Maybe it was the heat, maybe it was tiredness, sun-glare, but he wasn't aware of being tailed until the very last minute, when the three men closed in on him, trapping him in a blind alley. There was a fifteen-foot fence at his back, and silenced guns trained on his body.

"Hold it, sonny," one said shortly. "Make a move and you're dead meat."

Hutch eyed them with morose disfavor. He was in no mood to play along with these kind of party games.

"Big deal," he snorted. "put away the artillery, will you?"

"You got a big mouth, Blondie," a second man said, voice soft and menacing. "Shut it, or we shut it for you. Shake him down."

"Hey, wait a minute--" Hutch started, but a gun barrel cracked across the side of his head and he didn't get to finish.

"Tired of life, son?" the first man inquired silkily. Hutch tried to blink away the fuzziness of his vision, head spinning, knees threatening to buckle. A chill certainty settled in his gut as hands grabbed his shoulders and he was spun, slammed into the fence, and spread-eagled for a professionally thorough search. Kirov's snow job had not been a snow job. These men weren't cops. And if they weren't Phoenix's Finest, there was only one other valid explanation.

"Yeah, he's one of the escort, okay." They found, and relieved him of his ID as well as the Python. "Hutchinson, LAPD. Where's your side-kick, Blondie?"


"In the motel room, with concussion," he improvised. "Who--"

"No, he ain't." A hand in his hair wrenched him round for the fist that split his mouth. "You think we're dumb as that? He took off a while after you did."

"So why ask me where the hell he is?" He spat blood. "He was supposed to stay put. Who are you? What--?"

"Forget it. We'll deal with him after we've got Kirov. Okay, Bennie, he's all yours."

The man who had searched him grinned and lifted his gun, the ugly snout of the silencer looming large as a cannon.

"Where do you want it, piggie?" Bennie crooned. "Head or belly?"

"For Chrissake quit it with the games." his boss snapped. "Do it. We're too close to Kirov for you to fool around."

Hutch swallowed dryly, tensing himself far any last minute possibility of escape--then a flicker of movement caught his eye and a head was framed in a glass less window overlooking the alley. For one wild moment he thought it was Starsky, then realised that the dark curly tangle, belonged to Kirov, and what the hell was the young punk doing? Bennie's finger was whitening on the trigger when Kirov's shot took him in the back, and the execution bullet went wide, Hutch diving in under it to snatch the gum from the dead hand. He rolled and came up on one to discover that his targets had vanished

"Freebie!" Kirov yelled. "C'mon! They're huntin' cover."

The window was some ten feet above ground, but Hutch sprinted for it, jumped and caught the sill. He chinned himself up and over, aided by Kirov hauling at him, to sprawl painfully on a rusty, creaking cat walk inside. They flattened themselves down as bullets punched through the space they'd occupied a few seconds before.

"How many lives have you used up, Freebie?" Kirov panted.

"Gave up counting years ago," he wheezed. "Do you want a formal vote of thanks, and will you accept this as necessary?" He rested the automatic on the belt-buckle. "Hand over the gun."

"Sure," Kirov said wryly, obeying. "Do I get it back when they corner us?"

"If they corner us, I'll think about it. Now let's get out here--and don't take chances, Scarlett."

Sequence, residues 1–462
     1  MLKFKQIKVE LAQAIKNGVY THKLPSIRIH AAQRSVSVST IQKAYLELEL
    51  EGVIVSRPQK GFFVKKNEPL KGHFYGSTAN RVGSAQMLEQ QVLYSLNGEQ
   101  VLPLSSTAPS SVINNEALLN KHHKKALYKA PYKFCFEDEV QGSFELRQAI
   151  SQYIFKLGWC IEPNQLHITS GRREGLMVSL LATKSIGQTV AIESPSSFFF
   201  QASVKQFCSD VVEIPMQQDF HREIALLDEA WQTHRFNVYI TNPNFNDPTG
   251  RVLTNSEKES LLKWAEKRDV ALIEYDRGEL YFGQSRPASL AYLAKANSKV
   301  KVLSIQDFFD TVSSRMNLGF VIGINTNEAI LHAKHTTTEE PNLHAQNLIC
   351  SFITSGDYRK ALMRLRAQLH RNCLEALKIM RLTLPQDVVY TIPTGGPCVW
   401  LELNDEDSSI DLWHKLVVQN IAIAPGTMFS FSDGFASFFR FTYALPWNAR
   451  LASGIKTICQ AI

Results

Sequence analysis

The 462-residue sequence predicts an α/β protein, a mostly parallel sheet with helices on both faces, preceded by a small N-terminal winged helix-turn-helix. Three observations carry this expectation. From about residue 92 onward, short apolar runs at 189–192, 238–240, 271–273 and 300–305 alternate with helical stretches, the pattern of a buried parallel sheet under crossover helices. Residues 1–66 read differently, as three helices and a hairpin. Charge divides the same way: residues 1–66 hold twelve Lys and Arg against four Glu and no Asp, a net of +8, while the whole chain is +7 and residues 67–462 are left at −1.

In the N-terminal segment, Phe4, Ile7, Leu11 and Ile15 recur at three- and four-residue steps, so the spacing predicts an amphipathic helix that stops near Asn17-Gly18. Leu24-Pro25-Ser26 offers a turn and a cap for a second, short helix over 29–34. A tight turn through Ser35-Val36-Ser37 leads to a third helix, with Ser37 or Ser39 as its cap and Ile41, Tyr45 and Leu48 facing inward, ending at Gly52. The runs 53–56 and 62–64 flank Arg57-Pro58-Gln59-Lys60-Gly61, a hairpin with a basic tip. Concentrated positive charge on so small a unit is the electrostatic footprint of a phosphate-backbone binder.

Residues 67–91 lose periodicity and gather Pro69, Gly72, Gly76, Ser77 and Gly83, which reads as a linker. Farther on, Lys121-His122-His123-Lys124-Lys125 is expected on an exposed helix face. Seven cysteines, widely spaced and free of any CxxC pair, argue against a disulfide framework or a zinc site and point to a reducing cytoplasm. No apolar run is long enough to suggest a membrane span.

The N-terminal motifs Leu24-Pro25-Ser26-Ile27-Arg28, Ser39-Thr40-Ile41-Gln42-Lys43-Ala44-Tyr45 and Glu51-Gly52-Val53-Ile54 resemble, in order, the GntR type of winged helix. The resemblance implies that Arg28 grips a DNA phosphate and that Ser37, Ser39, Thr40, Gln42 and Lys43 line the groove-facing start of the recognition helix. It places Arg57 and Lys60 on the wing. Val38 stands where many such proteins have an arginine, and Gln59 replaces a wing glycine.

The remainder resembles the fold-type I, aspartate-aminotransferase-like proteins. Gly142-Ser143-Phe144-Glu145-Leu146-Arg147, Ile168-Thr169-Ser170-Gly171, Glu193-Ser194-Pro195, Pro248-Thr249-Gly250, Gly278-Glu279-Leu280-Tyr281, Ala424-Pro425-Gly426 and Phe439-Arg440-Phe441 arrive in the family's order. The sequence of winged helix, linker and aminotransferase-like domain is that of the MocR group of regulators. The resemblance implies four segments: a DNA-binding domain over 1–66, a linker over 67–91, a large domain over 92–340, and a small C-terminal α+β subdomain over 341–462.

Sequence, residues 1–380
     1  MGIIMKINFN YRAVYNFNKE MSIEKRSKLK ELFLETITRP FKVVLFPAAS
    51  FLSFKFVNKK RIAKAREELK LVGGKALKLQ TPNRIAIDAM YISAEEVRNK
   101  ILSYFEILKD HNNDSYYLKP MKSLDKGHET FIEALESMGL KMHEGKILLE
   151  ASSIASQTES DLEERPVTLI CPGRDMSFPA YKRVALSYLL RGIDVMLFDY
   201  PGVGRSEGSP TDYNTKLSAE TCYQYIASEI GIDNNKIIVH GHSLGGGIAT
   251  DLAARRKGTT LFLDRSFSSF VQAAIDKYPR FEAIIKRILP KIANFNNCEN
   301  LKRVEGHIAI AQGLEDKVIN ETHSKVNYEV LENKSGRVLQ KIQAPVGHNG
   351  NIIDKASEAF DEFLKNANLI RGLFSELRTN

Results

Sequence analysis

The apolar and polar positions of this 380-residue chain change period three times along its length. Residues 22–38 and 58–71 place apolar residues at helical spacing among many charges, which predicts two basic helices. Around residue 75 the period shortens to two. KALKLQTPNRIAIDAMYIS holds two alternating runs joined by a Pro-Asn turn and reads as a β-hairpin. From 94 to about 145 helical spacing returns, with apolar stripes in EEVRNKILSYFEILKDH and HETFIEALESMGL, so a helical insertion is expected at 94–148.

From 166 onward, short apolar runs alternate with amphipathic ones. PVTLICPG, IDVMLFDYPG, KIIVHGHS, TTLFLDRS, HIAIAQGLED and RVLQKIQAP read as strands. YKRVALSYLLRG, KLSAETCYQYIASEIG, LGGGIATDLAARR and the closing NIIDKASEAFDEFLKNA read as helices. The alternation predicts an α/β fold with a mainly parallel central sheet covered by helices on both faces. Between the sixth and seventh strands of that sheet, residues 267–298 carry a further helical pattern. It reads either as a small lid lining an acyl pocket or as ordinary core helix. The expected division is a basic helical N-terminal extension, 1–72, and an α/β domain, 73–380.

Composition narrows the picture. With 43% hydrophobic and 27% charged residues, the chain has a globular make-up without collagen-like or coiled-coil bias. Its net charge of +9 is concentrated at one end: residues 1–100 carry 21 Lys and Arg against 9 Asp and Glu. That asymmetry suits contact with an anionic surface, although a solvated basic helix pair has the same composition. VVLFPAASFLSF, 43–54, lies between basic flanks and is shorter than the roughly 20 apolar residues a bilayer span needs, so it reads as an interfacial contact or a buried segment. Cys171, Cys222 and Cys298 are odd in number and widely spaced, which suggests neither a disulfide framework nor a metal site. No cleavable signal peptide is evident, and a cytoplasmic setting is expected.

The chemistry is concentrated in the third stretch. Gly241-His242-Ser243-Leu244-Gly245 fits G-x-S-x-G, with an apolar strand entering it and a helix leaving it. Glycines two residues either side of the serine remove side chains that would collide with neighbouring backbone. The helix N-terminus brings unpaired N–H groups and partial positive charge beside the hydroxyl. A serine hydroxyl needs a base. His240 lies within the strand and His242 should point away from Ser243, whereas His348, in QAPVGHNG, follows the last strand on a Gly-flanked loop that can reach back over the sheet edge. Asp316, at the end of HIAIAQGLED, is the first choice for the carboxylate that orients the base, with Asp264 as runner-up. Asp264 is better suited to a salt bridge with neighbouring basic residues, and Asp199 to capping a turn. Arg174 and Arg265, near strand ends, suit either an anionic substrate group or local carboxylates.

Kirov shrugged and led the way towards the rear of the building. "How's the Bean?" he asked over his shoulder.

"Okay, and thinking up novel ways of turning you into Swiss steak." Hutch told him. "He has a very inventive mind. Who are these goons?"

"Arne Novaks' discipline squad. He's Numero Uno in Phoenix--got a finger in anythin' shady you care to name. An' if you don't fit with his family, you're nowhere. So most folks walk his line. I didn't. They set me up an' dropped me in it. Kinda like an example for the rest of the herd."

"So you didn't waste the old guy?"

"Nope." Kirov halted beside a massive door and peered cautiously out. The coast seemed to be clear. "I was there, okay. I stuck a gun under his nose an' took the cash outa the till, but that's all. He was alive an' kickin' an' cursin' me out in Yiddish when I left."

Real big time."

"So what?" Kirov shrugged again. "I needed the bread, but why try to heist Fort Knox? I'm not ambitious, man, just broke."

"You're breaking my heart. Is it clear out there?"

"Yeah. Where to, Freebie?"

"The name's Hutchinson. Back into town, deal the local law in on the action."

"You're callin' the shots, I guess." Kirov gave him a speculative look. "D'you reckon you can keep me alive?"

"I aim to try," Hutch said dryly. "And Starsk's out there, too."

"Without a gun," he was reminded.

"Don't make book on it. He's resourceful as well as inventive. Head out, Scarlett."

"The name's Kirov." The young tough gave him a cocky grin and took off for the next patch of cover. Hutch gave him a ten-yard start, then followed, crouching low.


They managed to travel several blocks without incident, but then a dark figure appeared briefly ahead of them, and a silenced gun gave its muffled cough as they dived simultaneously for shelter. Blood seeped from a ragged tear on Kirov's left shoulder where the bullet had scored a shallow furrow, narrowly missing Hutch as it passed on its way.

"Okay?" he panted, inspecting the damage.

"Yeah," Kirov said through clenched teeth. "Hurts like hell, but it's only a burn for God's sake gimme that piece!"

"No." Hutch edged forward, and another bullet spattered him with brick dust

"He's over there, behind that water tank."

"Yeah, but I can't waste my shots. What's back of us?"